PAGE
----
A midnight in Abu-Dhabi (1)

A 7 hour layover period. One city to explore. This mini-series is a narrative of my time spent in Abu-Dhabi, and is written in chronological order.


Plan for 7 hours:

    • 2 hours Check in and getting through customs
    • 1 hour Stash extra cabin baggage in airport, exchange currency, figure out taxi stand location and fares
    • 4 hours RUN around Abu-Dhabi

Flight landing: 1930 local time

With extra cabin bags stowed away in the airport services and armed with 300 Dirhams (equivalent of 81.70 USD or 64.20 GB), I set out to find a taxi that would take me to town at 9 pm (delays :/).

The first thing that hit me was the blazing 34°C night. Even with the majority a lifetime spent living in a tropical country (Malaysia), sweat escaped my pores within seconds, drenching me within minutes. That being said, stepping into any enclosed environment of any kind was relief, which in my case was pure elation when an airport taxi pulled up next to me.

The people here drive on the right side of the road, similar to the US. The speed limit on all taxis on the freeway is 100 km/h, which is monitored by the fare meter. Any time the driver exceeds the speed limit, they will be warned; any more than 3 warnings will result in the fare being nullified (and the passenger getting a free ride consequentially).
A bridge I spotted on my way to town. This was to be the first of many architectural wonders I’d see in Abu-Dhabi.

Normally, I’d head straight for the city center, but I needed dinner first. While not the smartest idea, I asked to be taken to a place where the locals frequented. A 15 minute ride ended up outside a small array of shops/offices, which was on the outskirts of the city. I kicked myself mentally after I got out for not asking the driver to take me straight to the city center. But to be fair, the fare was rather expensive (87 dirhams) and I’d much rather not spend all my money on taxi rides. Making do with the situation, I walked up to the Arab restaurant (below, with a green sign) and asked to see their menu.

The layout of these shop-lots is very similar to south-east asia.

They weren’t serving any more food, I was stumped, and so other options had to be considered. Where most Arab restaurants close their kitchens by 10 pm (which was when I arrived), their Indian counterparts are still open and serving customers. Walking around a corner, I ended up outside a tiny Indian restaurant, and was invited in by the owners.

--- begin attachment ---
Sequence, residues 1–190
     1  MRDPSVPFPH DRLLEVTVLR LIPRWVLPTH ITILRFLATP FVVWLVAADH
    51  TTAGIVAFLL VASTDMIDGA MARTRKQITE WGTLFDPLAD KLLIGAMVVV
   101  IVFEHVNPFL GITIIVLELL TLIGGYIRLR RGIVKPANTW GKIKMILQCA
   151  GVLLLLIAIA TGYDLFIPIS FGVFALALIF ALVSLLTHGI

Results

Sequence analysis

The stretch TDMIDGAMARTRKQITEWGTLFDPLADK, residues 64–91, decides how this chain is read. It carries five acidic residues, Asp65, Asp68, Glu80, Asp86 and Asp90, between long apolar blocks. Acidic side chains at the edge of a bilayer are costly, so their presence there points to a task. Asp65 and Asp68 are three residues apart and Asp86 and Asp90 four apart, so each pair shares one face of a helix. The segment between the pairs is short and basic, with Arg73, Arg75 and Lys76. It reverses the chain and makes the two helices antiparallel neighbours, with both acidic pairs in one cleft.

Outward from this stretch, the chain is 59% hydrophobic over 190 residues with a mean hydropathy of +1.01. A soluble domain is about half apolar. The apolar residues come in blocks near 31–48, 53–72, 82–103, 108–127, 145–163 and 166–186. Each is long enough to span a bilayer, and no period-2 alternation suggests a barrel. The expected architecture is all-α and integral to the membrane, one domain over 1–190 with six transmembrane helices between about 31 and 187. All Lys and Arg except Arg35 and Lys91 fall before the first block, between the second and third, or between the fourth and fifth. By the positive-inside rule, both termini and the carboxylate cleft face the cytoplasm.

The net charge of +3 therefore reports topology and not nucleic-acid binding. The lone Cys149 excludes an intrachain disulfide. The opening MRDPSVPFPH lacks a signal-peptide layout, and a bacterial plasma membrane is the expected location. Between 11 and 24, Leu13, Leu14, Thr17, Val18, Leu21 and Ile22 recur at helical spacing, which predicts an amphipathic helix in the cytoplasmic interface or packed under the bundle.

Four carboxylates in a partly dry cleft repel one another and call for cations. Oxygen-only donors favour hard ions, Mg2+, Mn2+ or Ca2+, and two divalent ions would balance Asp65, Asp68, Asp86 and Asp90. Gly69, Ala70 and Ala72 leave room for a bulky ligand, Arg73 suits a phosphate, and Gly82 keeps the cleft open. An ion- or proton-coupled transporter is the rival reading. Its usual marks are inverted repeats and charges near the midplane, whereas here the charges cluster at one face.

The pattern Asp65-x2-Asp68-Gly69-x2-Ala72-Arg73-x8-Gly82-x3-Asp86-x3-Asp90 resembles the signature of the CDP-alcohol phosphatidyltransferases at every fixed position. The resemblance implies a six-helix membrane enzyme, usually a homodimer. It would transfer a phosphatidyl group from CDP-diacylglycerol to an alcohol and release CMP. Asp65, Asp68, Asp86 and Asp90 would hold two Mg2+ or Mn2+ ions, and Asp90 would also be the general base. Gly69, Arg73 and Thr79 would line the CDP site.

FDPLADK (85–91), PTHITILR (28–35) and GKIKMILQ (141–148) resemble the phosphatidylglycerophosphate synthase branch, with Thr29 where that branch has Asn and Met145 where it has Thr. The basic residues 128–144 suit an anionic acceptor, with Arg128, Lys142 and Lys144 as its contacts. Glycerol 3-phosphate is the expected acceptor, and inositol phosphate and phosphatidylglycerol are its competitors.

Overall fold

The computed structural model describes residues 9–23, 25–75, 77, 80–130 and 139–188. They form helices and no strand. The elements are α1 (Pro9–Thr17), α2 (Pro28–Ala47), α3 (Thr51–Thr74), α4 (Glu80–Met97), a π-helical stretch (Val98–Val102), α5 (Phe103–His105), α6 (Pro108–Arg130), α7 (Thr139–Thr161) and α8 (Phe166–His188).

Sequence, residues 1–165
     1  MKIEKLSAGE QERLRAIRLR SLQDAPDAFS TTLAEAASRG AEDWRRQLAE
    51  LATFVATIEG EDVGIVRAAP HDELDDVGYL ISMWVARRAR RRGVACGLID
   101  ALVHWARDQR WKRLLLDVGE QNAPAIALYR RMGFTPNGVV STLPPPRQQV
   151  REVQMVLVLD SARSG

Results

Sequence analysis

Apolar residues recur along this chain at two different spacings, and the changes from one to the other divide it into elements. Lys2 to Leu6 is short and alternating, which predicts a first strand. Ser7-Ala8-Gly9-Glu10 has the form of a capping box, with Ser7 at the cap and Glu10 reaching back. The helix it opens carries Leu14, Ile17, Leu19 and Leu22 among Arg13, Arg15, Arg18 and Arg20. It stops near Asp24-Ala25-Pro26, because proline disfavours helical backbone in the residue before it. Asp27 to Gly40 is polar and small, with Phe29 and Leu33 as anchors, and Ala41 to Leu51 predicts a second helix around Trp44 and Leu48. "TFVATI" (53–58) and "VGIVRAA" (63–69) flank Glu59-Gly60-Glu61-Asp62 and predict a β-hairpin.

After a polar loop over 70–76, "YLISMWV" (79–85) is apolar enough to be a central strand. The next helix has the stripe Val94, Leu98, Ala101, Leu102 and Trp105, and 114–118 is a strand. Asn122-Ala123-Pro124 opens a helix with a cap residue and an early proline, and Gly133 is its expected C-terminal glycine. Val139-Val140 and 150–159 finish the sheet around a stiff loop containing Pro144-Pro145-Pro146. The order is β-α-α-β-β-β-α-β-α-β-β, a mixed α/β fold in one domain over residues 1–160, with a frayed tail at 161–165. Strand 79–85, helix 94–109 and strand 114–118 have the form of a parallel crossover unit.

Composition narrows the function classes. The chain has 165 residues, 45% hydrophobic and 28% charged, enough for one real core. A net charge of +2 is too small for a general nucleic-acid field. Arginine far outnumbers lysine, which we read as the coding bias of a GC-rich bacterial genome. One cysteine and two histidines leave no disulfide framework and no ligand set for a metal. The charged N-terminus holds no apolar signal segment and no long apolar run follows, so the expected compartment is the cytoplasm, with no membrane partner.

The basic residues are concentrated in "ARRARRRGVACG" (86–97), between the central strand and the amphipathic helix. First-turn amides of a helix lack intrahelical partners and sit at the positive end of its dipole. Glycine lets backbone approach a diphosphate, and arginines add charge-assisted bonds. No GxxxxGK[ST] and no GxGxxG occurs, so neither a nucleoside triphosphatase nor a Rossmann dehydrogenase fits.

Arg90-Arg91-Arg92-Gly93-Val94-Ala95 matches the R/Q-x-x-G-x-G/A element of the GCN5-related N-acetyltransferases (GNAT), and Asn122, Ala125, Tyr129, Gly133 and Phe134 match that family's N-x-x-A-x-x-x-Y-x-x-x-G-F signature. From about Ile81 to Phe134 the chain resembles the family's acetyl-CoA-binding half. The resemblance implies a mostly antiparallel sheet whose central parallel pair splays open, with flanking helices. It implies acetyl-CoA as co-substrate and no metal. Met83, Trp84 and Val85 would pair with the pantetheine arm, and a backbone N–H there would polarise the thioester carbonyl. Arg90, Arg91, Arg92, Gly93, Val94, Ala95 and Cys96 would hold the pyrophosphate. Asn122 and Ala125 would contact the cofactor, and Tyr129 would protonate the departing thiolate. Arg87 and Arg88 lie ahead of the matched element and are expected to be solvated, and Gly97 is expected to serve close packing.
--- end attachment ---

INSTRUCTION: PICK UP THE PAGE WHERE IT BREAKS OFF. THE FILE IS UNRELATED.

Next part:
Tiny it may be, but don’t let the look fool you. This restaurant does some pretty good curry.

With a glance through the menu, I came to the conclusion that an average meal in a shop like this would amount to about ~10 dirhams, which meant that I had plenty to spend. Going with the chef’s recommendation, I got myself a southern Indian-style beef curry, which came with a side of salad, and a plate of roti to go with, which cost a total of 7.50 dirhams.

Indian-style beef curry (bottom right), salad (middle left, eaten with salt, pepper, and a light lemon dressing), dhal (middle right), and roti (bottom left). Water is free, in containers on the table itself (top left).

The salad was simple but very flavourful, with the salt and pepper working wonders in combination with the raw onion, and the lemon making the salad more interesting, with the different flavours contrasting each other. However, the curry was what stole the show. The first spoonful was warm, with the typical Indian curry characteristics: heavy on curry powder, with a hint of cumin, zero sweetness. The surprise factor kicks in after a few seconds: a kick unlike any other curry I have ever tasted, a burn out of nowhere that literally infuses your taste buds with fire. I choked.

A second tasting, this time with the roti, and I start to notice the flavours through the burn: staranise, beef stock, onions, and more curry powder. With my third helping, the burn had almost completely disappeared, replaced by a warm, gentle tingling sensation on the tongue that didn’t numb, and after that point I really enjoyed the curry for what it was: a nice, simple work of Indian culinary art.

My kudos to these two for the great food, and for maintaining the restaurant as a popular spot for the local Indians. You guys are awesome.
These two (Jovy and John) joined in just after I arrived. Really nice folk to chat with.

With my food finished, I chatted with my fellow patrons, Jovy and John (above) on how best to get to town since the taxi driver pretty much dropped me on the outskirts of town. Turns out, we were about 10 minutes drive from the heart of the city itself, and you could walk along the road and get picked up by a local taxi (not an airport taxi, which is far more expensive) within minutes.

Thanking them, I left the restaurant and started down the main road, opposite the Khalifa University main campus, with my left hand stuck up in the typical hitch-hiker gesture (thumbs up if you get it :D) .

That’s the Khalifa University main campus. Too bad my poor phone camera couldn’t keep up 😦
Just next to the campus, this intersection goes in many directions. Twas a long walk to cross.

5 minutes of walking, past the university, and past a very complicated, busy intersection, I came by a bus stop where I decided to camp for a taxi. Admittedly, from what little I saw of Abu-Dhabi, I could draw many parallels with Kuala Lumpur, albeit with Abu-Dhabi being a more futurised/optimised version of my hometown. I wonder if-


Turning around, a cab (Toyota Camry) pulled up beside me, and the right door opened, revealing a smiling Indian man.

“Bro, do you need a ride?”

2245 local time

To be continued

One Comment Add yours

  1. Nigel Ng says:

    Sure, go for it. Sorry for the late reply though, thank you very much!!


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